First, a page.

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Gazella cuvieri

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Gazella cuvieri


Cuvier’s Gazelle is a fairly robust gazelle, larger than the Dorcas and Slender-horned Gazelles. The hair is rather long, rough and coarse. The general colour of the coat is dull fawn, darker than that of the Dorcas Gazelle. Face markings are distinct. The central band is brownish fawn, with a black patch on the top of its nose. The front of the muzzle is white. A dark line joints the mouth to the eye. There is a brown band, darker than the back, along the flanks. The belly and rump patch are white, the rump patch surrounded by a fairly indistinct dark band. The tail is black. The horns are long (25-37 cm), thick in the male, strongly annulated, fairly straight, rising vertically before diverging slightly out and back; the smooth tips curving in and forwards. Shoulder and hindquarter heights are similar. Females are smaller than males (average weight for female = 30 kg, for male = 35 kg).
TL (male and female): 105-116 cm
T (male and female): 19 - 21 cm
Greatest length of skull about 20 cm; facial stripes well marked; males without a swelling on the throat (N.W Africa).
H: 60-80 cm
Shoulder height: up to 68 cm
Pp: 33 cm; Ear: 17 cm
Weight : 15-35 kg; Female: 15 - 20 kg (33 - 44 lb); Male: 20 - 35 kg (44 - 77 lb).
Horns: 309.7 +/- 21.1 1 (3 Males); 204.2 +/- 22.8 (6 Females)

Evaluation and evolution of populations

Estimated numbers : 1450-2450 (Morocco: 600-1500; Algeria: 560 ; Tunisia: 300-400).

In Morocco, the total population is currently estimated at between 600 and 1500 individuals including a population of several hundred individuals recently (2003) rediscovered in the lower Drâa . The main populations are in the Western Anti Atlas (population increasing) and in the Lower Drâa-Aydar area (population decreasing), but small groups are spread on the Southern slopes of the High Atlas, in the Eastern High Atlas, in the Saharan Atlas, in the Central and Eastern Anti Atlas, and on the Southern slopes of Middle Atlas.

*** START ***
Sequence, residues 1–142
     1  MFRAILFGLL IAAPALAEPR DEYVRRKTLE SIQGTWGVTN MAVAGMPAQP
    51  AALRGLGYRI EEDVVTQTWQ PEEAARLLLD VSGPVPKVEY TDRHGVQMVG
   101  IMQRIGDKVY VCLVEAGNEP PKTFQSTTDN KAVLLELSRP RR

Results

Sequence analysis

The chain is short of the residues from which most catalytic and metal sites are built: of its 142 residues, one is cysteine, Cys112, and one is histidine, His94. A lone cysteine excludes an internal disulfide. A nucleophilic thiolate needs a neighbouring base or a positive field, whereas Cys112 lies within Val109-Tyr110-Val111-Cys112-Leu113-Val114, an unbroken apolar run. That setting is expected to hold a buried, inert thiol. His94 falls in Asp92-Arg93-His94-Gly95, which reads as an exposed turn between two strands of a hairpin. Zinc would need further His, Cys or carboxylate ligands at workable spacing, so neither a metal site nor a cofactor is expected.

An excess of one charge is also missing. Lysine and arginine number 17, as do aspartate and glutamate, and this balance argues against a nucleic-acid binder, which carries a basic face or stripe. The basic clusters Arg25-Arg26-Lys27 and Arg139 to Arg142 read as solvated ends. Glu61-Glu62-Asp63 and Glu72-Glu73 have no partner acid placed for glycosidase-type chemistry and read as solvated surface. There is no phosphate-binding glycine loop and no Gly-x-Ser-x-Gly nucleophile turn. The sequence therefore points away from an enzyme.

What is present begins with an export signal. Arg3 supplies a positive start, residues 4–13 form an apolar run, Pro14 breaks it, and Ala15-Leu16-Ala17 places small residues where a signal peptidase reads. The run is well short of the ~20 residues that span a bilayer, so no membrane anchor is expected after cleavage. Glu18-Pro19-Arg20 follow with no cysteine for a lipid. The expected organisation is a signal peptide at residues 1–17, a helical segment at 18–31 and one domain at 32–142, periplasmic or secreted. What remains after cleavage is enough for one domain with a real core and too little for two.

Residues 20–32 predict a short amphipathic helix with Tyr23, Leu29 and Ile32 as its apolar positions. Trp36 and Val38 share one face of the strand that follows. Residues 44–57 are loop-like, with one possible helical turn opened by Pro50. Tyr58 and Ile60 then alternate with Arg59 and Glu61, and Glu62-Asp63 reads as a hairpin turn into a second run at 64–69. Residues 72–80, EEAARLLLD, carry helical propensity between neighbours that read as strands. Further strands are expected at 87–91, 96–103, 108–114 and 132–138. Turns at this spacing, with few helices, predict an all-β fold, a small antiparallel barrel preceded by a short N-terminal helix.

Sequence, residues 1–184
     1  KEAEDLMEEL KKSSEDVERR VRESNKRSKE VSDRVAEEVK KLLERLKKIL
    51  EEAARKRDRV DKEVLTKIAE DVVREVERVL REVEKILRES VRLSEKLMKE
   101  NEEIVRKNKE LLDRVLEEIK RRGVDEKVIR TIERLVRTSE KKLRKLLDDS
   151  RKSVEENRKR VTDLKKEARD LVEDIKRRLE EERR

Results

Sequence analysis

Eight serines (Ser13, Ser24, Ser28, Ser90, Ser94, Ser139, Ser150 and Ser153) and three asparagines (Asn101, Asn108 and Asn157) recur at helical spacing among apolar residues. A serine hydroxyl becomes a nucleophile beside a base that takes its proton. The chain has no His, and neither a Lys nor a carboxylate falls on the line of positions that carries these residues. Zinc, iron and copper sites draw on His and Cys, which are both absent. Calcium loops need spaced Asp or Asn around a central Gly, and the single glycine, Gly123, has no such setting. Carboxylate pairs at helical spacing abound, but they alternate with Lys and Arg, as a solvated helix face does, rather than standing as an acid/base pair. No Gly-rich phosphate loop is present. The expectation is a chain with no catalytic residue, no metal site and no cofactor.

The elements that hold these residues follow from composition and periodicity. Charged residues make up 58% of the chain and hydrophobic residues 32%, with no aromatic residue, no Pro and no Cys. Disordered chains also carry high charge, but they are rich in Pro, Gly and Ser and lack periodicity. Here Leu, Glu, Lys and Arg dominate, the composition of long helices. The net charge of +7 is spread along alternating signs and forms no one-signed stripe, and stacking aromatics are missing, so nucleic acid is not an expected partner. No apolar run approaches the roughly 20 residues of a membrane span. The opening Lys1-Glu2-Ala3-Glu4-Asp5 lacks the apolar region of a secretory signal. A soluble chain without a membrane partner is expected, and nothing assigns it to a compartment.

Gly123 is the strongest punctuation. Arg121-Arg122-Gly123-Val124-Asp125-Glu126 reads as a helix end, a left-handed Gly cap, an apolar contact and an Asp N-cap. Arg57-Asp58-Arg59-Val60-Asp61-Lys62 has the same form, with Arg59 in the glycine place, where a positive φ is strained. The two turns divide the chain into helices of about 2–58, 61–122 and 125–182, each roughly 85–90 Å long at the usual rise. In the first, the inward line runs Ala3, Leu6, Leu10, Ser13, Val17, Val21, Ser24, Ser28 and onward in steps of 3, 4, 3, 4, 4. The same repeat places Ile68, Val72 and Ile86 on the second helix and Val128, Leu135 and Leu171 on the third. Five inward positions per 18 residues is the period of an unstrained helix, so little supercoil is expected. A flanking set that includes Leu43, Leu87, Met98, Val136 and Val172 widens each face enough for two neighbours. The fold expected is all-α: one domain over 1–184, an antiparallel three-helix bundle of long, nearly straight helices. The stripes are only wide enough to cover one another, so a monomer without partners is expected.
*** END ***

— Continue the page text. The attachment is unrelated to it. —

In Algeria, a study of the distribution and numbers of the species carried out at the end of the 1980’s estimated the population at 445 individuals. Another bioloist, in 1987, estimated the population at minimum 400 individuals and perhaps 500 ; in 1991 his estimates were of 560 individuals of which 235 in the Tellian Atlas, 140 in the Saharan Atlas, 135 in the east, and 50 in the central group of the Mergueb

In Tunisia, the number of Cuvier’s Gazelles is not known with precision; currently, the main population in the region of Chambi National Park is estimated at 300 individuals, and the total population is at least a little higher. The species is found, in fact, in 13 hunting reserves and massifs.

There is no precise figure on the former numbers of Cuvier’s Gazelle, but it was reputed to be common and locally abundant

Gazella cuvieri

IUCN RED LIST 2007: ENDANGERED (EN) A taxon is Endangered when it is considered to be facing a very high risk of extinction in the wild.


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Last modified : February 20, 2009